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In the book of Genesis, it is made abundantly clear to Jews, Christians, and Muslims that humans are not destined to relate to the material world in the way that animals do. Instead, humans are expected to use their reason, creativity, and capacity to work in ways that express and extend man's dominion and stewardship over the earth.

To be sure, this theme of being a cooperator with God's Creative Act is not to be seen as a license for us to engage in wanton destructiveness and ecological irresponsibility. The Scriptures insist, over and over again, that none of our free choices may infringe God's moral law, a law knowable through faith and reason.

Humans are, nonetheless, given tremendous scope in the ways that they may fulfill their responsibility to “fill the earth and conquer it” (Gen 1:28). And from the beginning of history, humans have done this. Some of our earliest ancestors, for example, were the first to engage in cross-breeding animal species, cross-fertilizing plants, and using the insights of science to make food safer and more plentiful.

This is one reason why so many Christians, especially in the developing world, find the opposition to genetically modified food (overwhelmingly from wealthy Western nations – especially the European Union) to be somewhat puzzling. Despite all the evidence attesting to the safety of GM food, many environmental activists and movements persist in pressuring governments in the developed and developing world to restrict, if not totally prohibit, the implantation or use of GM food.

There are, however, signs that the pressures of feeding their populations are causing many developing countries to proceed cautiously down the path of allowing GM foods to be cultivated. In early June2004, the Kenyan government decided to support, with qualifications, the use of genetically modified organisms to increase agricultural yields, particularly by enhancing the resistance of crops to drought and diseases particular to East Africa. The object is, in part, to enhance Kenya's ability to feed its population.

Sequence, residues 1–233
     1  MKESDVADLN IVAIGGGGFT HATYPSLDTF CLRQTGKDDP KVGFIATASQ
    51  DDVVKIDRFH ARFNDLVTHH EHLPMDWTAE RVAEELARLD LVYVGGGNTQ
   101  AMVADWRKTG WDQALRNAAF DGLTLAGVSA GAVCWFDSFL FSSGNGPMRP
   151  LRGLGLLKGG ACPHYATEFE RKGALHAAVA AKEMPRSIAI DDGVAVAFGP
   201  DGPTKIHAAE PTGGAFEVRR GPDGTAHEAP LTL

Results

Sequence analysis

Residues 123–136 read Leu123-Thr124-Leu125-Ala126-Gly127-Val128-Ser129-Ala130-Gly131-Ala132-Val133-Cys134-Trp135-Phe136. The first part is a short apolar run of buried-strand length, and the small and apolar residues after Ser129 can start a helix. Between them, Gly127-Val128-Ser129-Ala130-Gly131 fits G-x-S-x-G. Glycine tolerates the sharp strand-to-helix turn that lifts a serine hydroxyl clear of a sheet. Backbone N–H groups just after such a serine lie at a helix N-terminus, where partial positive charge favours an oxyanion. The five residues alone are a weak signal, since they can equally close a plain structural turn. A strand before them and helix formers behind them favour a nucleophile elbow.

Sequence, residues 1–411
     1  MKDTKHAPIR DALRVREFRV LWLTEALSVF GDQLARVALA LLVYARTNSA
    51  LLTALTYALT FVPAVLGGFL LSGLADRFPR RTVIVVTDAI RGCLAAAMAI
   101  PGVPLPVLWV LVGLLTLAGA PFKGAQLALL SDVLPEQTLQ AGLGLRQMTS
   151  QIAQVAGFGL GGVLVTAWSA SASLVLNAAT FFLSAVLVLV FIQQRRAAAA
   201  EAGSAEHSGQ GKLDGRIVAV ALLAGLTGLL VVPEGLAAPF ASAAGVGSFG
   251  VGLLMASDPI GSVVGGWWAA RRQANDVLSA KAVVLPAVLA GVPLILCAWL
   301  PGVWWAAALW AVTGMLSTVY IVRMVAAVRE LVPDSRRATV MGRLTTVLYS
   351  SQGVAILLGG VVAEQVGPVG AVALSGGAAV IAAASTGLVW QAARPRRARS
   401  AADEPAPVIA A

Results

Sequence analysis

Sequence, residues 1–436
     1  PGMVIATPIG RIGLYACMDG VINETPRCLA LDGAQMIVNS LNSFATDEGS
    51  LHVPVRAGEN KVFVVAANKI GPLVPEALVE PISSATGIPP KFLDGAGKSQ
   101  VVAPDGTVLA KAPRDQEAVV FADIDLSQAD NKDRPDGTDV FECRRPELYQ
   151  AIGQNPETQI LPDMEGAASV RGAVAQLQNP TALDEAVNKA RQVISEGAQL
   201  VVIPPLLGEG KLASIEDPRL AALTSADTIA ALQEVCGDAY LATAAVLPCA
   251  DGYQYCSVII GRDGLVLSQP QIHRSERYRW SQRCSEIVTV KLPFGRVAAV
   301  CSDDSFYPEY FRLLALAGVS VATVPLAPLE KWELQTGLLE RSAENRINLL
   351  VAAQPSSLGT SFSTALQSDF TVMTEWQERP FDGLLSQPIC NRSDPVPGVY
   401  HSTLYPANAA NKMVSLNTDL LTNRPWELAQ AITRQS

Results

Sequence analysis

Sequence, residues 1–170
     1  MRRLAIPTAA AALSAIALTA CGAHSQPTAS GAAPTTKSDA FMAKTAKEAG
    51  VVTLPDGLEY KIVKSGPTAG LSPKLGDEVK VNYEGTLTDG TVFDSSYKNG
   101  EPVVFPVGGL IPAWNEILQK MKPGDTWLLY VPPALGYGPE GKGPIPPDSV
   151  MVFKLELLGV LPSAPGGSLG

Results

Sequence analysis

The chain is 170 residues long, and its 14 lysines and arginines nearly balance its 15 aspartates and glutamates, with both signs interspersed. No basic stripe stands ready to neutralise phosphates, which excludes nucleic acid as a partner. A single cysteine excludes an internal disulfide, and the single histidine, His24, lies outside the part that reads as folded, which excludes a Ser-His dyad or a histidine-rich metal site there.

A few thousand kilometers to Kenya's south, a rather different approach to dealing with hunger has been adopted. In Zimbabwe, the Mugabe dictatorship continues to destroy property rights by systematically expropriating the land of white Zimbabweans, and now black Zimbabweans. A number of those who resist have been killed. Rape has also been employed as a tool of intimidation. The relative silence of many Western governments, human rights activists, and even church groups about these matters is disturbing.

The result of the Mugabe dictatorship's efforts will, of course, be more corruption, economic chaos, and a continuing decline in Zimbabwe's ability to feed its population. All of this brings home the importance of rule of law and property rights for economic growth.

Over 700 years ago, Thomas Aquinas identified three reasons why private property was not only licit, but necessary. The first was that people tend to take better care of what is theirs than of what is common to everyone, since individuals tend to shirk a responsibility that is nobody's in particular (Summa Theologiae II-II, q.66, a.2).

In making this point, Aquinas implicitly acknowledged that incentives matter. Why, for instance, would anyone take up private farming in a serious way in a country like Zimbabwe when they cannot be sure that their land will be stolen from them by cronies of the regime? Why would anyone open a business in downtown Harare when they discover that it is impossible to have legitimate contracts enforced?

Of course, this points to the larger problem that cripples so many developing countries. It is not that they lack natural resources or creative entrepreneurs. These are possessed in abundance. It is that certain institutional preconditions for economic growth are missing, the most significant being rule of law and private property rights. If either of these components is absent, sustainable economic development is extremely difficult; corruption is certain

Guarantees of landownerships are not, however, the only property rights that need to be ensured. The intellectual property rights that are recognized through legal mechanisms such as patents are equally important for economic development. Without the incentives offered by the securing of such rights, the willingness of individuals or companies to engage in the type of costly, economically risky research that has resulted in so many of the products that make life comfortable for Westerners and potentially less burdensome for those living in developing nations, is inevitably diminished.

For this reason, the intellectual property rights acquired by those who have taken the risk of developing GM foods should not be trivialized. Secure and protected patents are, in fact, another way in which private property allows us to realize what Christians have always regarded as the purpose of material goods: the service and flourishing of each and every person.


Dr. Samuel Gregg is director of research at the Acton Institute. He has written and spoken extensively on questions of political economy, economic history, ethics in finance, and natural law theory. He has an MA in political philosophy from the University of Melbourne, and a Doctor of Philosophy degree in moral philosophy and political economy from the University of Oxford, where he worked under the supervision of Professor John Finnis.